The Life-Changing Magic of Tidying Up & Shepherd’s Cross

The Life-Changing Magic of Tidying Up by Marie Kondo was a Mother’s Day gift.  My daughter knows I am always trying new organization methods and thought this book sounded right up my alley.  The central tenet behind Ms. Kondo’s system is the idea that all the items you own should bring you joy….asking this question “Does this item spark joy?”  The book is really about culling your items and not relying on complicated and/or expensive storage options.  There are some helpful practical hints but the majority of the book focuses on being able to let go and questioning why we hold onto specific items and being grateful for the times we do use and keep.

This was a very quick read and I did find myself marking passages to return to later.  The book is written in a very personable manner, as though Marie Kondo is speaking directly to the reader.  i enjoyed reading it and will put some of the practices into use.  I would recommend it for anyone who is interested in self-help books of the organizational variety .

Shepherd’s Cross is a supernatural thriller set in a small, remote English Village.  In the opening scenes, a farmer stumbles across a horrifying altar erected on his land with in the sight lines of an old “abandoned” manse.  He involves the police and the investigation takes off at a hectic pace as bodies and crimes begin to accumulate with no seeming concern for the police who are investigating.

The plot was interesting and involved satanic rituals, virgin sacrifices, and the dark history of the village with a side plot of romance for one of the police officers.   I did feel that it was too rushed and this did not give the characters a chance to develop fully. But overall, it was a decent read.

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The Secret History

The Secret History is a debut novel for author Donna Tartt.  I noticed it on several websites and lists and picked up my copy to read.  The premise of the book is that a very exclusive society has formed at a small private college in the north east.  The society of five is immersed in the teachings of one professor, known as Julian.  The students are isolated in the intensive study of ancient Greek culture, language, and arts.  The more immersed they become in Julian’s clique he and teachings, the more removed they become from the college and the world as a whole.  The protagonist Richard, a new student to the college, manages to break into the inner circle and he follows them “down the rabbit hole”.  A murder occurs and the group, who considers themselves elite and definitley above the rules, deals with the fall out.  The murder uncovers the flaws in their group, the individual members, and even their worshipped professor.  The novel follows the splintering of Julian’s society and the tragic consequences for the students.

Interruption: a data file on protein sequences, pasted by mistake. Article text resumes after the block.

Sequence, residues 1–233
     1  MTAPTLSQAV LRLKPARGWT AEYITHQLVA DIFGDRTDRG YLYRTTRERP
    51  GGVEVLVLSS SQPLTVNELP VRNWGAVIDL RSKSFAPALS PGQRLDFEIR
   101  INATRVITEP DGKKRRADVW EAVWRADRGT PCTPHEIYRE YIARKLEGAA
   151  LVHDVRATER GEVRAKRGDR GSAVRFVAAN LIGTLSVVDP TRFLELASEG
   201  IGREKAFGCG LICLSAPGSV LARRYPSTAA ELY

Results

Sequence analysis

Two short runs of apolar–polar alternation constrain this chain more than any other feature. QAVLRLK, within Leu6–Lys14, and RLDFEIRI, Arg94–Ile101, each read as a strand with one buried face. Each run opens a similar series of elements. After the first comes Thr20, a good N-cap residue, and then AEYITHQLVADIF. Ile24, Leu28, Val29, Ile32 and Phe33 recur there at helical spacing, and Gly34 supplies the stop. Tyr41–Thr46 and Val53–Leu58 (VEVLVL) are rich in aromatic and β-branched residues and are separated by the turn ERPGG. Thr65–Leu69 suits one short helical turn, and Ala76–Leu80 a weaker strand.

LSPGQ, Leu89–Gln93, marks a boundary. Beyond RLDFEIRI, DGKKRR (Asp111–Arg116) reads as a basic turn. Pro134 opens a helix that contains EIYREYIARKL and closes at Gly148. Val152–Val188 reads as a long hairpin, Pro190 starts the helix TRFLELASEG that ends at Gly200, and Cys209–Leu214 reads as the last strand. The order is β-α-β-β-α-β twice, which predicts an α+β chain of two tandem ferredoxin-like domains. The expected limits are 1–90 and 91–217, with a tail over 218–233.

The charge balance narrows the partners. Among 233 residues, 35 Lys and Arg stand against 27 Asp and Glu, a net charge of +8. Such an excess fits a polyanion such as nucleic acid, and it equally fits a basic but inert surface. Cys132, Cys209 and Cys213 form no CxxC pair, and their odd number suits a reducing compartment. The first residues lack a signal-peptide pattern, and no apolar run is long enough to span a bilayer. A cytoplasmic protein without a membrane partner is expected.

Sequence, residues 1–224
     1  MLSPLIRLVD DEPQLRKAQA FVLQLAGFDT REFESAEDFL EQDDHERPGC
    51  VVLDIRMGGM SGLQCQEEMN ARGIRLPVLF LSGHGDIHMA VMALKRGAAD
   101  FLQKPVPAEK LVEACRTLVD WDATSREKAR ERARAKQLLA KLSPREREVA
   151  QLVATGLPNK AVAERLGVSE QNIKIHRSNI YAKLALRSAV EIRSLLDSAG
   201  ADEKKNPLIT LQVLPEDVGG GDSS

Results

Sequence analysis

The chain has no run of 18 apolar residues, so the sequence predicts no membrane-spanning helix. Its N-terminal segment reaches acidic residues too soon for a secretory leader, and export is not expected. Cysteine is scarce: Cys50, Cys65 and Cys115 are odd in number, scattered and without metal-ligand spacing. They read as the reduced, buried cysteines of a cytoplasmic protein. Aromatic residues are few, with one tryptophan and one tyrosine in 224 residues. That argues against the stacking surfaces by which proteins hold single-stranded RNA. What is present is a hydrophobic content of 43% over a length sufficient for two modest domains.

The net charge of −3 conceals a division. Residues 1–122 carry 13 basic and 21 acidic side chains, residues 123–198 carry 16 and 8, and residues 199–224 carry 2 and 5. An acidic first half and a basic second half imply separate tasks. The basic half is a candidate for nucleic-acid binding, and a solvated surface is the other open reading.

This was a compelling read, with intriguing albeit unlikeable characters, and an elitist tone.  The book manages to both put intellectualism on a pedestal and hold it up to intense scrutiny.  One of the critques of the books is the incorporation of anachronistic language and cultural references.  In reading the book, it appeared to me that this was purposeful technique of the author intending to highlight the groups removal from mainstream society.  As such, I was not put off by it. An Interesting, well written mystery that boasts  an intricate plot with little onscreen violence.